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Strengthening Students’ Social and Emotional Skills

Lessons from Six Case Studies of Schools and Their Out-of-School-Time Program Partners

Collaborations between schools and out-of-school-time programs to build students’ social-emotional skills offer lessons for others. One insight? Committed leadership matters.
September 2022
A student talks with his teacher.
  • Author(s)
  • Katie Tosh, Heather L. Schwartz, and Catherine H. Augustine
  • Publisher(s)
  • RAND Corporation
Page Count 30 pages


How we did this

This report draws cross-cutting lessons from studies of six school-OST program partnerships.

How can schools and out-of-school-time (OST) programs join forces successfully to build students’ social and emotional skills?  This report seeks to answer that question through cross-cutting lessons gleaned from a set of case studies conducted in six communities. 

Six Case Studies

The communities all participated in the Partnerships for Social and Emotional Learning Initiative, a larger Wallace initiative. It supported elementary schools and their OST partners in efforts to introduce social and emotional (SEL) activities and instruction into both the school and OST parts of the day.

For five of the case studies, researchers selected a partnership in each community that had done an exemplary job of addressing one of a series of challenges widely shared by participants in the initiative. In one of the cases, the partnership between the school and its OST programs was in an early stage of development. So the researchers focused on what took place during the school day.

The case studies explore:

  • Developing a brand-new school-OST partnership focusing on SEL (Boston)
  • Forming  an effective SEL committee that includes a school and OST partner (Dallas)
  • Finding and jointly prioritizing time for SEL in the school and afterschool schedules (Denver)
  • Engaging teachers, staff members, and parents in SEL (Palm Beach County)
  • Incorporating equity into SEL (Tacoma)
  • Focusing on adult SEL first (Tulsa)

While there are different ways to provide opportunities for students to learn social-emotional skills, research identifies several common principles among effective approaches.

Nine Success Factors

The report summarizes the case studies and discusses nine factors that contributed to the successful implementation of  SEL programs and practices. Each was common to at least two of the cases: 

  1. Committed school/OST program leaders were the foundation on which SEL work was built.
  2. SEL committees guided and supported implementation.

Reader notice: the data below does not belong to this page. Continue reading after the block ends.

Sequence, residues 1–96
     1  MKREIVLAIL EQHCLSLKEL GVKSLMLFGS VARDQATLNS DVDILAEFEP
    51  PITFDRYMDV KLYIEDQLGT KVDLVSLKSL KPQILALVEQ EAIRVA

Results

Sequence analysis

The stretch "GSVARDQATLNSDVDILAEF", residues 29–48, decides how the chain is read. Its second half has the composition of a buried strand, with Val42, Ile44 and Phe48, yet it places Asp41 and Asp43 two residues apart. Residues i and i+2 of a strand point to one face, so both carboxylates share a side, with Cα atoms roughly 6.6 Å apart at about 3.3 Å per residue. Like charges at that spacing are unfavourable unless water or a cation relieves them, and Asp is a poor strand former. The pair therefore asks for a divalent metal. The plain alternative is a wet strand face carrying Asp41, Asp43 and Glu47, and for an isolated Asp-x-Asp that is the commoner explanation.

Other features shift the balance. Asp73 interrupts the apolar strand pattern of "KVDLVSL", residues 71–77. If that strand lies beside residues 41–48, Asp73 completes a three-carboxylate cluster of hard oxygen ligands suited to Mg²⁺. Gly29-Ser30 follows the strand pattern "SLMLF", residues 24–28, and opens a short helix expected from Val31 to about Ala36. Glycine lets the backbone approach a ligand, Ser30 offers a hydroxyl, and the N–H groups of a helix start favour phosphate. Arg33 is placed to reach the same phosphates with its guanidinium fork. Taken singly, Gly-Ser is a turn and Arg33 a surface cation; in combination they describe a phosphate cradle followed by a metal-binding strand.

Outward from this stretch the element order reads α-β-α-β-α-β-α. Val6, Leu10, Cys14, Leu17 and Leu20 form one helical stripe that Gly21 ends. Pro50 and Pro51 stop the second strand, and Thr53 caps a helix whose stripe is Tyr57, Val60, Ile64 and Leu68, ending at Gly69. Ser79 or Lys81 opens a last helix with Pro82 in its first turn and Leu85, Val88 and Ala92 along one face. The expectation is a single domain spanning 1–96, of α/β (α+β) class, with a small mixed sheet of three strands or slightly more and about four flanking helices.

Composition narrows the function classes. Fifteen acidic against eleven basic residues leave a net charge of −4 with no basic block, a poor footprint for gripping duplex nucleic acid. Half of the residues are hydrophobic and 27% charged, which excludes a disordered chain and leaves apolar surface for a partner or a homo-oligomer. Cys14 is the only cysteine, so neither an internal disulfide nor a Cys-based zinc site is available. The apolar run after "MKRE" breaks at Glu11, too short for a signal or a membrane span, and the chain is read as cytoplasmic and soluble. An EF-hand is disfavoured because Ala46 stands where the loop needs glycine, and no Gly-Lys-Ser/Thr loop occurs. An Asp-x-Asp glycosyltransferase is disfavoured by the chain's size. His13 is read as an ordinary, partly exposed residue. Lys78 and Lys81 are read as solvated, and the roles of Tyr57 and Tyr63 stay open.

3. Prioritizing time for SEL in school and OST schedules was important to making implementation routine.
  4. Starting the efforts by building adults’ social and emotional skills was central to success.
  5. Short SEL rituals w​ere often the first and most widely adopted strategy, setting the stage for more formal SEL instruction.
  6. Establishing trusting relationships enhanced the collaboration on SEL in school-OST program partnerships.
  7. Formal, written SEL resources facilitated a consistent approach within and across settings.
  8. Distributing “ownership” of SEL across staff members and students increased people’s buy-in and the efforts’ sustainability.
  9. Experience with SEL before the pandemic helped schools and OST programs adapt to COVID-19 disruptions.​​​

Key Takeaways

  • Many schools and out-of-school-time programs found it was important to start by building teachers’ and other adults’ social and emotional skills.
  • Short rituals like morning meetings and mindfulness exercises were the strategy schools and OST programs most widely adopted to embed social and emotional learning in their students’ day. That set the stage for more extensive instruction.
  • Schools and out-of-school-time programs found they needed to build relationships and trust among their staff to collaborate on student SEL successfully.

Materials & Downloads

What We Don't Know

  • All of the programs studied were in urban settings and served a high proportion of elementary-age students from historically disadvantaged groups. For that reason, highlighted themes might be less applicable for secondary schools, low-poverty settings, or rural or suburban settings.
  • The report is based on six cases. As a result,  the sample might be too small to draw firm conclusions about the exact sequencing of SEL implementation or about what is and is not essential for school–OST program partnerships. 
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